Tschichold was the son of a provincial signwriter, and he was trained in calligraphy. This artisan background and calligraphic training set him apart from almost all other noted typographers of the time, since they had inevitably trained in architecture or the fine arts. It also may help explain why he never worked with handmade papers and custom fonts as many typographers did, preferring instead to use stock fonts on a careful choice from commercial paper stocks.
After the election of Hitler in Germany, all designers had to register with the Ministry of Culture, and all teaching posts were threatened for anyone who was sympathetic to communism. Soon after Tschichold had taken up a teaching post in Munich at the behest of Paul Renner, they both were denounced as "cultural Bolshevists". Ten days after the Nazis surged to power in March 1933, Tschichold and his wife were arrested. During the arrest, Soviet posters were found in his flat, casting him under suspicion of collaboration with communists. All copies of Tschichold's books were seized by the Gestapo "for the protection of the German people". After six weeks a policeman somehow found him tickets for Switzerland, and he and his family managed to escape Nazi Germany in August 1933.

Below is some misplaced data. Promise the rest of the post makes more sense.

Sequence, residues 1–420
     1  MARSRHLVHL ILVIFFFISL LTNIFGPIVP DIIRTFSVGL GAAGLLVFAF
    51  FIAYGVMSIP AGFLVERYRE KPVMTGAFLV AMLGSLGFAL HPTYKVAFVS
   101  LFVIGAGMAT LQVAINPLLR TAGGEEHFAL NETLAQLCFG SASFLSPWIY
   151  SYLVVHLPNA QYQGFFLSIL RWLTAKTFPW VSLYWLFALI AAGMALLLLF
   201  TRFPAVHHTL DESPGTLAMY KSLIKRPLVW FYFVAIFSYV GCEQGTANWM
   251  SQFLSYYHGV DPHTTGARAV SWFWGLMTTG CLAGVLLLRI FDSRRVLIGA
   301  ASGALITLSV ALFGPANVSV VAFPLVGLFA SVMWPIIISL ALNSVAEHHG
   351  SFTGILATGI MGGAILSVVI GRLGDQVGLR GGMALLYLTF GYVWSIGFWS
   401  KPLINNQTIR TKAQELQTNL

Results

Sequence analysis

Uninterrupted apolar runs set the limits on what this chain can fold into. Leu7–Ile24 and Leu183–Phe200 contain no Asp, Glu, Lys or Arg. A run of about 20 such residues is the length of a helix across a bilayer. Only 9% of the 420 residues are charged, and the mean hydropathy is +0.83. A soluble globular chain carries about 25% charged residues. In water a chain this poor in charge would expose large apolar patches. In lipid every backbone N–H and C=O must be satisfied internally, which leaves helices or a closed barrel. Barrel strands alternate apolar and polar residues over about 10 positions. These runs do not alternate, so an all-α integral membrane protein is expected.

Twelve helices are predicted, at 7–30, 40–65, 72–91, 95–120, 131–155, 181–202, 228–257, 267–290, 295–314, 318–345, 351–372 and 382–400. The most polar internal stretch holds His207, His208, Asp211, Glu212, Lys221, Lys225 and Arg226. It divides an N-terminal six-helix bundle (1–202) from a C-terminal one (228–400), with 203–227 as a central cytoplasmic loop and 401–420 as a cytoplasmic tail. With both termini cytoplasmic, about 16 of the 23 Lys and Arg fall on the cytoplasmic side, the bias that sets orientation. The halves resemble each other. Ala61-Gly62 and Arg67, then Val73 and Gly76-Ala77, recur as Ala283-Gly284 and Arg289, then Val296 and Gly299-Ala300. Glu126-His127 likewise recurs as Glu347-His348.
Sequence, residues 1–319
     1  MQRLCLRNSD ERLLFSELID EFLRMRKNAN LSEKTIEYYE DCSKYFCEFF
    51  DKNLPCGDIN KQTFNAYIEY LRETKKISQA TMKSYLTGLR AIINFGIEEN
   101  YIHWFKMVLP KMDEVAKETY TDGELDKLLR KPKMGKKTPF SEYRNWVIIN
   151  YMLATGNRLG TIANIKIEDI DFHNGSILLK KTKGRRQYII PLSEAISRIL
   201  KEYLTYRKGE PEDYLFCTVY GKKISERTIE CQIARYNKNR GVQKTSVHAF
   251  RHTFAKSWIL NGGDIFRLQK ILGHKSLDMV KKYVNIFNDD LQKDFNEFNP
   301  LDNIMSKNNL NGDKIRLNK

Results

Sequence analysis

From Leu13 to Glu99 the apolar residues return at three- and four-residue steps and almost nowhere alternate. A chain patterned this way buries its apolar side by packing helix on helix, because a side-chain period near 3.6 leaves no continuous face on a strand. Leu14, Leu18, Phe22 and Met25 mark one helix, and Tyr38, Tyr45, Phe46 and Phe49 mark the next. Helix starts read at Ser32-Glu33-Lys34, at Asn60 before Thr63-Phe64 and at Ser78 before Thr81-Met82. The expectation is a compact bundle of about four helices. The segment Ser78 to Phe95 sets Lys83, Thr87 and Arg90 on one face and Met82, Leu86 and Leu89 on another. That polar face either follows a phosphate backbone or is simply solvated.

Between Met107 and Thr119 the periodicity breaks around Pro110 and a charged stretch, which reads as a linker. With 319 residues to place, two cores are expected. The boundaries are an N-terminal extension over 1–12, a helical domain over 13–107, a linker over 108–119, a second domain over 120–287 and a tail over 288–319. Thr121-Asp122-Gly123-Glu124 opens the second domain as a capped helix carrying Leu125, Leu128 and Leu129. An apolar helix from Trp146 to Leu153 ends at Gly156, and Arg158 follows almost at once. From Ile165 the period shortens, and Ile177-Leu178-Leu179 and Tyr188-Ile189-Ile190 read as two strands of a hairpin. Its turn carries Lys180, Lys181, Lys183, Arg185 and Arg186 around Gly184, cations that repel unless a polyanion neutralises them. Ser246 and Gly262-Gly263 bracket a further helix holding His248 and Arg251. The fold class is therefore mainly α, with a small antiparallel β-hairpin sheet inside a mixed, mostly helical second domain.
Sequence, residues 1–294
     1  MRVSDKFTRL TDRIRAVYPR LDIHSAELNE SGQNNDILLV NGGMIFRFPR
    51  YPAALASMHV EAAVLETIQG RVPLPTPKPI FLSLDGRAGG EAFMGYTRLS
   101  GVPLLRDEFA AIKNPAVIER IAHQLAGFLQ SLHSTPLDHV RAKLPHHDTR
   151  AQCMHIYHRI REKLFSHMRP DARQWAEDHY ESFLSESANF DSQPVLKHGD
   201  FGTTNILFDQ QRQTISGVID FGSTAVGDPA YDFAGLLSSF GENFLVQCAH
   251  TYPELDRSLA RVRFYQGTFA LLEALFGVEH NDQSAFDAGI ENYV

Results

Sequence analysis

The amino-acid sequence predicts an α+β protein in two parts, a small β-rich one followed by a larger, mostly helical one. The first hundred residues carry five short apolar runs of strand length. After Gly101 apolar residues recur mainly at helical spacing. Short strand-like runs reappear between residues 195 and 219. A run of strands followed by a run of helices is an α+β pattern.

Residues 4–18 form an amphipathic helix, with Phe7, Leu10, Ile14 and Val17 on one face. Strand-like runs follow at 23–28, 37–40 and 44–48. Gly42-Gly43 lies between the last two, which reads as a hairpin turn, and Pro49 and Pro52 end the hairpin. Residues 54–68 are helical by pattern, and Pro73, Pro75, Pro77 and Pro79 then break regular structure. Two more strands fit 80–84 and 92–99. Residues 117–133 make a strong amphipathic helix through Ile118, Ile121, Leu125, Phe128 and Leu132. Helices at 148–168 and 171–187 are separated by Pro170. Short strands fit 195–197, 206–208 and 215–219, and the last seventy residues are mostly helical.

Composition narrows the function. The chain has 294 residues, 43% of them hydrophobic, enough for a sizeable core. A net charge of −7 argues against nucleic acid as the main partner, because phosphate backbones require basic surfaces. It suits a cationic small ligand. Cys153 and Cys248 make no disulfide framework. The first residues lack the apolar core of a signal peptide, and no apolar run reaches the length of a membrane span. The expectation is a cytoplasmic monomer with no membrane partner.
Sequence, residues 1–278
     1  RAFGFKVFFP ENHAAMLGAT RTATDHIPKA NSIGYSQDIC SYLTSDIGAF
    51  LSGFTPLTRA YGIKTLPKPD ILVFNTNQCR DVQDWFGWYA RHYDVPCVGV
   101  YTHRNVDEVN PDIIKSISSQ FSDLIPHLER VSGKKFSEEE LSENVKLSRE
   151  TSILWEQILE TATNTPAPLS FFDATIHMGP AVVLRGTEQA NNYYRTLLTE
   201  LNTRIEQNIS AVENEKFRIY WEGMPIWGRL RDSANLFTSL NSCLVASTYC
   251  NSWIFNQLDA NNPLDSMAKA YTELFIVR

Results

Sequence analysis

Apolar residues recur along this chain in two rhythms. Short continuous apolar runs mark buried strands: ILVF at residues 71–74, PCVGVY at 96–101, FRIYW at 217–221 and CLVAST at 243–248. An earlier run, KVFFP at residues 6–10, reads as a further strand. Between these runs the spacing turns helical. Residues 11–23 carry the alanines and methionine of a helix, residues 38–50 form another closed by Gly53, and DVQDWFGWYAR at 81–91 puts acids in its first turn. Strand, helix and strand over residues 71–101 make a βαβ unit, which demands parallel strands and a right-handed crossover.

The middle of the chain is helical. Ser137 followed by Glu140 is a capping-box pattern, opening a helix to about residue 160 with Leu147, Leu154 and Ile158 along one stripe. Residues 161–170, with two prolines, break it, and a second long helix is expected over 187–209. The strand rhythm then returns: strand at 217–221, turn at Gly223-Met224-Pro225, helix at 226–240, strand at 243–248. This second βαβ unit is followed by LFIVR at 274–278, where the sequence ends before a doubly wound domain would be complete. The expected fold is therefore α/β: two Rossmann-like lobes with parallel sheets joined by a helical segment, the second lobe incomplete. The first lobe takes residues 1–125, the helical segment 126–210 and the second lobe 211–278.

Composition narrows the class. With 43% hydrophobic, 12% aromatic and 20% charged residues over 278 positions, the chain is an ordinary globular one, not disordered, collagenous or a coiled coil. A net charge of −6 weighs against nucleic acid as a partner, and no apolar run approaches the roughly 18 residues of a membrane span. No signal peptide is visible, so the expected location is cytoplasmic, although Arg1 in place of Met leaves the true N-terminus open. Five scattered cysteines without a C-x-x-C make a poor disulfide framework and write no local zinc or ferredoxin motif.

Apart from two longer stays in England in 1937-1937 (at the invitation of the Penrose Annual), and 1947-1949 (at the invitation of Ruari McLean, the British typographer, with whom he worked on the design of Penguin Books), Tschichold lived in Switzerland for the rest of his life. Jan Tschichold died in the hospital at Locarno in 1974.
Tschichold had converted to Modernist design principles in 1923 after visiting the first Weimar Bauhaus exhibition. He became a leading advocate of Modernist design: first with an influential 1925 magazine supplement; then a 1927 personal exhibition; then with his most noted work Die neue Typographie. This book was a manifesto of modern design, in which he condemned all typefaces but sans-serif (called Grotesk in Germany). He also favoured non-centered design, and codified many other Modernist design rules. He advocated the use of standardised paper sizes for all printed matter, and made some of the first clear explanations of the effective use of different sizes and weights of type in order to quickly and easily convey information. This book was followed with a series of practical manuals on the principles of Modernist typography which had a wide influence among ordinary workers and printers in Germany. Yet, despite his visits to England just before the war, only about four articles by Tschichold had been translated into English by 1945.
Although Die neue Typographie remains a classic, Tschichold slowly abandoned his rigid beliefs from around 1932 onwards (e.g. his Saskia typeface of 1932, and his acceptance of classical Roman typefaces for body-type) as he moved back towards Classicism in print design. He later condemned Die neue Typographie as too extreme. He also went so far as to condemn Modernist design in general as being authoritarian and inherently fascistic.